Education and outreach: As Ponderosa project nears completion, Fire Safe CEO discusses role filled by the nonprofit | TheUnion.com
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Education and outreach: As Ponderosa project nears completion, Fire Safe CEO discusses role filled by the nonprofit

The Fire Safe Council of Nevada County has a unique and expanding role in the community, its executive director says.

Additionally, some of its projects are on track for an on-time, or early, finish.

Jamie Jones, who has served since 2018 as the council’s executive director and CEO, said the council is on track to complete the Ponderosa West Grass Valley Defense Zone project well before the project’s previous target date.



In April, Jones said that the council’s goal was to have cleared 1,200 acres of potential wildfire fuel from Grass Valley properties by March 2022. On Wednesday, Jones said that 1,000 acres have now been cleared, and the council still expects to easily reach the 1,200 goal before next March.

However, Jones said progress on the first phase of the Ponderosa project has slowed in recent months, as some homeowners are still reluctant to allow their properties to be treated for fuel abatement.




“Ponderosa is certainly not going at the same speed as when we started,” Jones added. “Some of that has to do with dwindling owner participation, or folks just not responding when we reach out asking if they will participate. You also have new homeowners for some of these properties who have arrived and who may not engage with the project.”

While just under 300 acres must still be cleared to reach the goal of 1,200, Jones optimistically noted that 150 of those acres are now scheduled to be cleared. Work on these properties has not officially started, though the owners of these lands have already given permission to have their properties cleared.

Regardless of some of the challenges that have emerged, Jones said that Ponderosa Phase One would definitively be completed well before March.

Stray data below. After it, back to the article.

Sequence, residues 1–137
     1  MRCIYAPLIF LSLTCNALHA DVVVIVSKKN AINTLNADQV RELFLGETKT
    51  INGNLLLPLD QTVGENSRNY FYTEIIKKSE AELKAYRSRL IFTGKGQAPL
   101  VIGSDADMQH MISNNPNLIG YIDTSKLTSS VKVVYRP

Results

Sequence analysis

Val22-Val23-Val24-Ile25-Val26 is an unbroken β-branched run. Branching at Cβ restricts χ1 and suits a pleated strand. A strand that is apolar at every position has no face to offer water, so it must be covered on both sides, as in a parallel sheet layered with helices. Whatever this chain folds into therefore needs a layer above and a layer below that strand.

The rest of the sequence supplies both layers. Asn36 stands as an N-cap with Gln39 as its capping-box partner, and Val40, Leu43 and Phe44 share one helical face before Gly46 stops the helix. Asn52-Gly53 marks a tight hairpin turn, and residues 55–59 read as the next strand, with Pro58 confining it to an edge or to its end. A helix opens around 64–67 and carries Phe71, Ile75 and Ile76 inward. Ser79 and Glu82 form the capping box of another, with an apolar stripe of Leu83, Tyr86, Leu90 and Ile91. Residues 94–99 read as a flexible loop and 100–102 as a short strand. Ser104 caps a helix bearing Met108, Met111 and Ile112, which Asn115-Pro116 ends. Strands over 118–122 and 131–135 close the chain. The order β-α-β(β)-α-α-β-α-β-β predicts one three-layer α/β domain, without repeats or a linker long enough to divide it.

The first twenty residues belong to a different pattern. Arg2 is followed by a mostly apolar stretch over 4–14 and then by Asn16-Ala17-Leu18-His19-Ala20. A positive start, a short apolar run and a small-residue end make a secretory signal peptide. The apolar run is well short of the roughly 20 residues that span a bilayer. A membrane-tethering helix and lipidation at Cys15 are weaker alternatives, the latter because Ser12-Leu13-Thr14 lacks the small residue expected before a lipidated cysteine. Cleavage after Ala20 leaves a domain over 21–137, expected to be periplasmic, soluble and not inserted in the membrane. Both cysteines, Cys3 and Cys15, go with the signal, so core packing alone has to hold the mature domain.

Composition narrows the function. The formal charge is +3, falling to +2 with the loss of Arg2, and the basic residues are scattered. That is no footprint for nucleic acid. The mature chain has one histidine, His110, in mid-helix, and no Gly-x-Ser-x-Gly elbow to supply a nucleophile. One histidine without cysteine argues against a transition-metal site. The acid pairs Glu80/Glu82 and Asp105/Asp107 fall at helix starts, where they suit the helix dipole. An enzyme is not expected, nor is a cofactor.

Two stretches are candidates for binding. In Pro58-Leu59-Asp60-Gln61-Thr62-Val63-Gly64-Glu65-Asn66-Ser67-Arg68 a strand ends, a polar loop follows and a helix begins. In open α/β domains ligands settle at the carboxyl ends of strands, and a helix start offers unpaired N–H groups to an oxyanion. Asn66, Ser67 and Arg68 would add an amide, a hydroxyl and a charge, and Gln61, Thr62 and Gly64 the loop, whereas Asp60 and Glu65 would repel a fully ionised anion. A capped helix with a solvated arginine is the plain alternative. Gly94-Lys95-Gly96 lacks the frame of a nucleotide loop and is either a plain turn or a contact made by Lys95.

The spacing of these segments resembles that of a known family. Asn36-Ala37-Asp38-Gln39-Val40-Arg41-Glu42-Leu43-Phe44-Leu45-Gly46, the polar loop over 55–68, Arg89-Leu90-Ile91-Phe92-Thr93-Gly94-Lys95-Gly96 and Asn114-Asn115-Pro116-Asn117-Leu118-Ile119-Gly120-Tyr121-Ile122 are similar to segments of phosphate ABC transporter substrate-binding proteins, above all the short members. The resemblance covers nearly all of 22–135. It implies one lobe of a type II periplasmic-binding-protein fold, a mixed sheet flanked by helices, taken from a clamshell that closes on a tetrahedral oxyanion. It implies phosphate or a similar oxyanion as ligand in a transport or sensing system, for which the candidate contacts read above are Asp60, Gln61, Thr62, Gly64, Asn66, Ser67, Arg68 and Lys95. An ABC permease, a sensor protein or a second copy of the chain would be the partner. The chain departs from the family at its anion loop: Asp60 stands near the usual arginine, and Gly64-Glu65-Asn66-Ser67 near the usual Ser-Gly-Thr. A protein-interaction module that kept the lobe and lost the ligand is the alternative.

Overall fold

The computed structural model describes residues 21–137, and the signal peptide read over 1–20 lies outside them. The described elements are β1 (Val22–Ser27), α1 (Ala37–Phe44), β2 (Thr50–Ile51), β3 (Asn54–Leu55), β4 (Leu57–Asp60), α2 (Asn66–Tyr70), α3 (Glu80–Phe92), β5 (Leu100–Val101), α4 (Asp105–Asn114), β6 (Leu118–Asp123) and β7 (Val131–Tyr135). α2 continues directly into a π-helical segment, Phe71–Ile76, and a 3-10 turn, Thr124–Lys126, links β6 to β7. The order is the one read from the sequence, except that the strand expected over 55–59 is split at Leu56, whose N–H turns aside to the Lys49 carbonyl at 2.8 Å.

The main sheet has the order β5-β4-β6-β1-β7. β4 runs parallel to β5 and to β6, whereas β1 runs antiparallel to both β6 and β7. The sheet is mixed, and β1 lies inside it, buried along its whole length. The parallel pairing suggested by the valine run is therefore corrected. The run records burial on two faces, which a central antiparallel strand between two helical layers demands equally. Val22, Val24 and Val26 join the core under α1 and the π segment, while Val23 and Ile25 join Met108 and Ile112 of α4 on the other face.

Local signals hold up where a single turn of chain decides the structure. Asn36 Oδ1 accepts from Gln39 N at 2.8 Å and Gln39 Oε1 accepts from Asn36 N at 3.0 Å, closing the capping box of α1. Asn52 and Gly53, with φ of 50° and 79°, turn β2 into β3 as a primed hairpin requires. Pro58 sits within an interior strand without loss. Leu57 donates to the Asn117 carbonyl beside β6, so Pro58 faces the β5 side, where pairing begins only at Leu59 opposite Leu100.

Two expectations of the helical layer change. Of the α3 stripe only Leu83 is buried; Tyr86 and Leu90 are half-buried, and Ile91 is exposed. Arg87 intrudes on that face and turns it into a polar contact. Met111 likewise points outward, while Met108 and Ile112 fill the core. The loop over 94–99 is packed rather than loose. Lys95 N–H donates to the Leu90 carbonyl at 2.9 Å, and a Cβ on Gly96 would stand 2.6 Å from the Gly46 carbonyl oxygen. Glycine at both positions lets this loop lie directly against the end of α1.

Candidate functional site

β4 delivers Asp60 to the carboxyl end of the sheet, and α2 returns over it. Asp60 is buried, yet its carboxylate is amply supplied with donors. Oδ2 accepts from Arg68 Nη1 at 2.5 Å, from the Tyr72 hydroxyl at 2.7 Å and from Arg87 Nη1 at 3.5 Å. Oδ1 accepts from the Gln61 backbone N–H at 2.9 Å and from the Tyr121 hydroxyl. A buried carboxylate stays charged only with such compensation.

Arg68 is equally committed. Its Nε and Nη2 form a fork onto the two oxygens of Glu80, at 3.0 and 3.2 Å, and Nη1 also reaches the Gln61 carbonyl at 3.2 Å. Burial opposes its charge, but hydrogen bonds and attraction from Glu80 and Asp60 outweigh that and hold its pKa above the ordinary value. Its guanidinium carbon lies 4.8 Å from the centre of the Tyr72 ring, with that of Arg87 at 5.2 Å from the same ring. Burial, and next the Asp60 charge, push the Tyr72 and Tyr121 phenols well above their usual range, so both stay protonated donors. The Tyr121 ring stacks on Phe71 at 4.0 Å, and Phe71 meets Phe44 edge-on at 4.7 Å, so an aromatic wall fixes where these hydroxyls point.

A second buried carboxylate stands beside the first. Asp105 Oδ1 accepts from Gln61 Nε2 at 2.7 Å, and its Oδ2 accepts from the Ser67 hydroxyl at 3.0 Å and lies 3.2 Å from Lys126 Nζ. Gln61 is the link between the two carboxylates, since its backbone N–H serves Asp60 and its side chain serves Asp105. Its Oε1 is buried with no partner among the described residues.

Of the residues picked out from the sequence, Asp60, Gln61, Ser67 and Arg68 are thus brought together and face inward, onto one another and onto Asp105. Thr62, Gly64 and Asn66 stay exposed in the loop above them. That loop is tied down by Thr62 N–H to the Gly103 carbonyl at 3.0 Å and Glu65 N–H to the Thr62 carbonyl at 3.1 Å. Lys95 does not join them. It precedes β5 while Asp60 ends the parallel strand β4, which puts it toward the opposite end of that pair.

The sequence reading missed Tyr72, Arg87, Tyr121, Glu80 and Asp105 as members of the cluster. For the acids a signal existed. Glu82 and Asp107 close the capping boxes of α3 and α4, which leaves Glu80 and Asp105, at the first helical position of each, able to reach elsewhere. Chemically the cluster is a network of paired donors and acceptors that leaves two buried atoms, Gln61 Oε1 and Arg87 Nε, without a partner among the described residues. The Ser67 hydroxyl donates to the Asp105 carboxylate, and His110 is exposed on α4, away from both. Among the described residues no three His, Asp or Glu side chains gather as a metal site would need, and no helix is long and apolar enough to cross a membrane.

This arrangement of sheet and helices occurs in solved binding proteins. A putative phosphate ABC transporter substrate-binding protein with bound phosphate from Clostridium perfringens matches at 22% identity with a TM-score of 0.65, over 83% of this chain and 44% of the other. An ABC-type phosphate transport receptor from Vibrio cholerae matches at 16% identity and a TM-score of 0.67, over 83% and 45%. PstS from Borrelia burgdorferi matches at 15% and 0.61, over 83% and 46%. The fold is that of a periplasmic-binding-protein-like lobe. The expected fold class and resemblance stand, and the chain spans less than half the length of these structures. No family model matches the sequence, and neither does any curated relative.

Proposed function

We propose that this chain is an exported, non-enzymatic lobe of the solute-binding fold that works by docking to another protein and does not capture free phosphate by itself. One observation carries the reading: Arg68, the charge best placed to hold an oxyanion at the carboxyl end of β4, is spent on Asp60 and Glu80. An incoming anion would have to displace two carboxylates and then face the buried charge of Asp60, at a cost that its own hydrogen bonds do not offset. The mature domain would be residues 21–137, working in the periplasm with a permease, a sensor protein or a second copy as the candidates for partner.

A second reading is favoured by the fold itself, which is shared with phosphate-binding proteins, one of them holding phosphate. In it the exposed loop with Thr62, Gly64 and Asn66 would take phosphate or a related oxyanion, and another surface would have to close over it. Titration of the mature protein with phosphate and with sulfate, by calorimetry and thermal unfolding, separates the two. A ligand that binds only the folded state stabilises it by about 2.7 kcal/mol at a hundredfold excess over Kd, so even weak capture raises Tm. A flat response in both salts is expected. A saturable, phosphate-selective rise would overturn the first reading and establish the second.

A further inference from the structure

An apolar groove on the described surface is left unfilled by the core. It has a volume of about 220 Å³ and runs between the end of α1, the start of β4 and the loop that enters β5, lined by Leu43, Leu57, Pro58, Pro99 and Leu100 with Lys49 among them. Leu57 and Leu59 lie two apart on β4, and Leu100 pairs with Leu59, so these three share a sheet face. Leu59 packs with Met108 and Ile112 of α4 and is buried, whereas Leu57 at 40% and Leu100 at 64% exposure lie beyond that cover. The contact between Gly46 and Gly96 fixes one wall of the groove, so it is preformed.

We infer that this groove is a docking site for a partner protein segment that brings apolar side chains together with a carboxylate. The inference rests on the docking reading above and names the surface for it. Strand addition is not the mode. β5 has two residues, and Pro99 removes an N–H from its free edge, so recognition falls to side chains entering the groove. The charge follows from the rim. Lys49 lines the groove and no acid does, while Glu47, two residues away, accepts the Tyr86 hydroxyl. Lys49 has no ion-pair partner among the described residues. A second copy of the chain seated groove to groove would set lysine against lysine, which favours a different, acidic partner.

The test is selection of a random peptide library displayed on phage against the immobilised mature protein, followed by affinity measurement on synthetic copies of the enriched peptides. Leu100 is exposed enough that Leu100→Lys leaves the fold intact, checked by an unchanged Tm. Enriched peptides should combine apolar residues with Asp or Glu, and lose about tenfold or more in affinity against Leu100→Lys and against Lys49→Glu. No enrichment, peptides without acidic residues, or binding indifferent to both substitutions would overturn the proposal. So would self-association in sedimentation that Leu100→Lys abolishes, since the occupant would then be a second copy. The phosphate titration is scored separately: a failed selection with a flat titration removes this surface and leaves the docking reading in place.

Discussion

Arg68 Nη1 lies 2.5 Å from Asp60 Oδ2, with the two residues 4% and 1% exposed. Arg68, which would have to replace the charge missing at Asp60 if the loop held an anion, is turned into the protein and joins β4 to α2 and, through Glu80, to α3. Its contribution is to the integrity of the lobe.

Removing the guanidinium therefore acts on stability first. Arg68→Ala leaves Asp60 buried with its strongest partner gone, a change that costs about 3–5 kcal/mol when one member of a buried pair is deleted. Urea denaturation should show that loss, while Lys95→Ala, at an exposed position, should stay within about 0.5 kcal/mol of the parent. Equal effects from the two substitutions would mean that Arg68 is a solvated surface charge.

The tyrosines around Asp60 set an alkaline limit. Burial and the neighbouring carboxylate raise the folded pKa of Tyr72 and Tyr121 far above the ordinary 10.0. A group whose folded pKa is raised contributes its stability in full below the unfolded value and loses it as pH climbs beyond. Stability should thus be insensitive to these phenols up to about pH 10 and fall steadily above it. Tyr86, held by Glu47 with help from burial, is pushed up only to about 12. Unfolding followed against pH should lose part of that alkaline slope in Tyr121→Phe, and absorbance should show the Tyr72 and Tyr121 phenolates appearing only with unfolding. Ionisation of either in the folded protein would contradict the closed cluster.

UNIQUE ROLE

In another milestone, the council recently completed $800,000 worth of prescribed burns on land governed by the United States Forest Service, Jones added. The council had previously asked for and received the $800,000 in funding for this project through grants from the Sierra Nevada Conservancy Department, as well as the National Fish and Wildlife Foundation.

While sharing these updates, Jones said that she and the other directors of the nonprofit are committed to educating new community members about the unique role the council plays as one of Nevada County’s foremost entities when it comes to fire safety.

“There are new people moving here all the time who are new to the area and don’t know about the unique responsibility here to protecting the urban-wildlife interface, so there’s a need to educate and outreach to these folks, which we can provide,” Jones said.

One of over 100 fire safe councils in California, the Fire Safe Council of Nevada County was founded in 1988 as an informal community group concerned about the risks posed by wildfires in the aftermath of the 49er fire in 1988.

The organization has dramatically expanded in size and scope of service in recent years, going from an organization with only three full-time employees to now employing around 30 full-time staff, Jones said. The council’s funding has also expanded recently, with funding going from several hundred thousand dollars to $2 million to $3 million annually, according to Council Director Don Thane.

Jones said the council could not complete any of its fire safety projects without ongoing collaboration with a host of partner agencies. The council partners closely with Nevada County’s Office of Emergency Services, Cal Fire, Sierra Nevada Conservancy, and the U.S. Forestry Service — to name a few.